4) Bullies choose the time and place to carry out the humiliation of their victims. They won’t do it when there’s a teacher or warden around. Or in a public place where there will be lots of witnesses. All the incidences of bullying and ragging I experienced happened when there were no wardens around. In boarding schools, ragging and beating are often carried out late at night after lights out when the wardens and other students are fast asleep. Tell me how is a warden supposed to patrol the dormitories at every hour? They need their sleep too as they are also teachers. How can teachers do their job if they’re tired from lack of sleep?
5) More often than not, students who are bullied do not know how to seek help. They do not know of the anti-bullying policies and procedures that schools have in place. Teachers can only help and take appropriate action when the victims come forward and make a complaint. Last year, I tried to help a few Form 3 girls who were bullied by a group of Form 5 girls. The Form 5 girls were extorting the girls for their pocket money. I informed the discipline teachers and they advised the Form 3 girls to make a formal complaint but because they were absolutely terrified of the ringleader (who was a real thug), they refused and there was nothing the discipline teachers could do about it. Discipline teachers cannot take action based on hearsay.
6) Sometimes, the victims do not even realise they are being bullied. Sometimes the bullies don’t see or think what they are doing is bullying. They think that bullying involves physical violence. Taunts, name calling and pranks are disguised as “jokes” and “teasing”. When confronted by the victim, the victim’s friends or teachers, the bullies would just shrug it off as jest. They’ll just say “Melawak je pun. Tak boleh ka?” And the victim is accused of having no sense of humour. This is why verbal, emotional and mental bullying can continue for a long time.
I myself had never reported the bullying and ragging I received to the wardens or any of my teachers. It never occurred to me to do so. Was there an anti-bullying policy and procedure in place at MRSMBP back then? I had no idea.
Part of me did not realise I was being systematically bullied by the girl. All I knew was that I hated what she did to me and I was deeply miserable. It was only as an adult that I realised what she did constituted bullying. If my father had allowed it, I would have returned to Convent School in Taiping.
As to my seniors who ragged me, I didn’t dare say anything to the wardens. I was too terrified of the seniors. As a junior, I was completely powerless. Besides, ragging was a culture ingrained in boarding schools back then and no one thought of questioning it.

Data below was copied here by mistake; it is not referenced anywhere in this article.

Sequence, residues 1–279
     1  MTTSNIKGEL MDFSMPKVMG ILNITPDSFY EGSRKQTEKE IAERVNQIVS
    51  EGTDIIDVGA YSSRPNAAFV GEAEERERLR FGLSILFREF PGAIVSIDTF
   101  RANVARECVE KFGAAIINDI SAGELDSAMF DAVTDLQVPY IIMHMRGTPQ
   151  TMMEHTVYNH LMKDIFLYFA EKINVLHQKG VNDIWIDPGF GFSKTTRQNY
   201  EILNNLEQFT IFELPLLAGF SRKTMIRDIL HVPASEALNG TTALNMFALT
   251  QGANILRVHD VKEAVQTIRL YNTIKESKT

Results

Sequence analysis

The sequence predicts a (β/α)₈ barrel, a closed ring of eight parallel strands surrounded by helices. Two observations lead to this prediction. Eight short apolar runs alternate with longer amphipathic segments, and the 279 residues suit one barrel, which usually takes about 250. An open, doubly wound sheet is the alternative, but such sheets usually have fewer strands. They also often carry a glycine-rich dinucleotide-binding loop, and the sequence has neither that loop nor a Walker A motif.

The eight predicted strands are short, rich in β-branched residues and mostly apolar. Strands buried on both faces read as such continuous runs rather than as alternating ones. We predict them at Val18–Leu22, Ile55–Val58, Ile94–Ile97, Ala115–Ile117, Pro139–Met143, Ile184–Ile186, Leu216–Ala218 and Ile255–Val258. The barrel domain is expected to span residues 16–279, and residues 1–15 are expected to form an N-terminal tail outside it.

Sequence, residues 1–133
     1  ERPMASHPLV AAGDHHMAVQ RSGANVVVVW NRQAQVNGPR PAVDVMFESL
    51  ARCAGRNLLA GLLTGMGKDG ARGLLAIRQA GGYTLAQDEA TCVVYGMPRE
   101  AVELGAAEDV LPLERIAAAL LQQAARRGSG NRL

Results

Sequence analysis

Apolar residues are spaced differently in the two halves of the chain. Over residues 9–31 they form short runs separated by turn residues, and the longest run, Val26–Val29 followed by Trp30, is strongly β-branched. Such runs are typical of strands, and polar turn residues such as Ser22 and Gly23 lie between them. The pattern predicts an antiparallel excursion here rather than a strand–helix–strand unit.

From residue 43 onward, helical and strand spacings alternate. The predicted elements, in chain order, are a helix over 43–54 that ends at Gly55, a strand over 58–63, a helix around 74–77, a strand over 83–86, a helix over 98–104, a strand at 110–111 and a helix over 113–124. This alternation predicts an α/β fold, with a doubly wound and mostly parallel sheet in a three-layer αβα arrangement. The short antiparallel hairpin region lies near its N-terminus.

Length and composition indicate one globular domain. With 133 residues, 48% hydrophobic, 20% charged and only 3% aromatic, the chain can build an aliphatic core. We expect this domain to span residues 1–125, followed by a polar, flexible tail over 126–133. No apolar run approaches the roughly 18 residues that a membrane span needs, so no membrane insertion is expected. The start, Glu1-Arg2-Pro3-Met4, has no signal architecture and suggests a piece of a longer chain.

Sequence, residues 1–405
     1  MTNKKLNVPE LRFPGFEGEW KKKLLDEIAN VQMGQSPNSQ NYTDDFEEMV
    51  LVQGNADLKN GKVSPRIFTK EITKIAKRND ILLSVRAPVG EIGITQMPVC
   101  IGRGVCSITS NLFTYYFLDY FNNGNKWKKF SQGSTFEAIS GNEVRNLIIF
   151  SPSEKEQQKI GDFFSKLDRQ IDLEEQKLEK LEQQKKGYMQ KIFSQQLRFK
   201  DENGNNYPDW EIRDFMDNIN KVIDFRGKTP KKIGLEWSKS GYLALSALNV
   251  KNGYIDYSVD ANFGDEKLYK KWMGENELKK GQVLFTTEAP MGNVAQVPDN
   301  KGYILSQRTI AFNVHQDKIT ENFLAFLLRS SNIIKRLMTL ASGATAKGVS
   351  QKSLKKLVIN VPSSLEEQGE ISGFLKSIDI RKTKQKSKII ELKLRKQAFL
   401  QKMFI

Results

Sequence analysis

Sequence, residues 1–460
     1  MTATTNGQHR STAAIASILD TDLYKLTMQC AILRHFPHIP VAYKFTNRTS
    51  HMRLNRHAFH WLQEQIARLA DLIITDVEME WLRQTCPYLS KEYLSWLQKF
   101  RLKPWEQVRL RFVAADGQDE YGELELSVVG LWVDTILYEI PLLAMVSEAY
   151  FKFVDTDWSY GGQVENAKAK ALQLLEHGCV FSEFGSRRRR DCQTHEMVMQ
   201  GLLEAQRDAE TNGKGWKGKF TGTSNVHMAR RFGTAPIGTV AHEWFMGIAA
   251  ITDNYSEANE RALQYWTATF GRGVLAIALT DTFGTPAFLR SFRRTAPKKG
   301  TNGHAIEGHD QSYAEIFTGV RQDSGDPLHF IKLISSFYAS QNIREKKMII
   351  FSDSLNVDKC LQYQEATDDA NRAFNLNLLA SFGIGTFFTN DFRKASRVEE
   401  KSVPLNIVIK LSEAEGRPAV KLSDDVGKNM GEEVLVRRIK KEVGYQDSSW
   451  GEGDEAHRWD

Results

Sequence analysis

Why do some people become bullies? Why does bullying happen? I do not know why. I am not a bully so I cannot fathom the depths of depravity bullies come from. Perhaps the root of their cruelty is envy. A deep seated envy and hatred for what they do not have and cannot attain. Or perhaps these bullies have been conditioned to behave nastily by the abuse they themselves had experienced at the hands of their own bullies. Their mentality is one of vengeance: “Dulu aku kena lagi teruk. Sekarang giliran engkau pula.”
To this day, I have no idea what spurred my “friend” on or why she enjoyed bullying me so much. I don’t know why she singled me out. I was not the only student from Perak nor the only girl fluent in English.
How has all this bullying and ragging affected me? Alhamdulillah it has not broken me. I am stronger, tougher and more resilient because of it. I am also kinder, more understanding and more empathic because of my experiences. I am staunchly against bullying and more perceptive to incidences of bullying. I am able to come to the help of students who are bullied and teach them to stand up to their bullies.
As a senior teacher and head of English, I treat my colleagues including junior teachers with respect. I don’t give out orders or make demands, I ask for opinions and ideas and together we come up with ways to work towards a goal. Personally, I despise senior teachers, administrators and officers who bully teachers.
I consider myself lucky because I survived my ordeal. Zulfarhan and Nhaveen did not. I pray their bullies receive the ultimate punishment for the evil crime they have committed.
What has happened to my tormentors? Do they remember what they did? I sincerely doubt they remember or even think about their ragging and bullying days. Like I said, they probably didn’t even consider what they did as bullying or wrong. It was all a joke to them. I was nothing but a mere blip in their lives.
A few years ago one of my friends told me that the Form 5 senior who ragged me came to her office. All glamorous and fancy but still very arrogant. The “friend” who bullied me is now a professor at a well-known local university. And I found out two years ago she did a dirty on one of our mutual friends. And she has never once apologised for what she did to me at school. I guess the old adage is true; a leopard cannot change its spots.
I recently saw an anti-bullying video titled “Video Raya Paling Sedih 2017” by ASA Production which has gone viral. It was deeply moving. The message of the video is that bullying doesn’t just affect the victims but also the bullies. This might be true in some cases especially Zulfarhan’s and Nhaveen’s bullies but not so for my bullies. They seem to have thrived. Never mind. That is their lot in their life. But who knows what their lives are like behind closed doors.
Whatever it is, I pray my bullies will receive their just desserts. I hope they feel the stress, sadness, misery and hurt they once inflicted on me. I quote Katy Perry in her hit single Swish Swish “Karma’s not a liar, she keeps receipts.”
A Survivor is an FMT reader.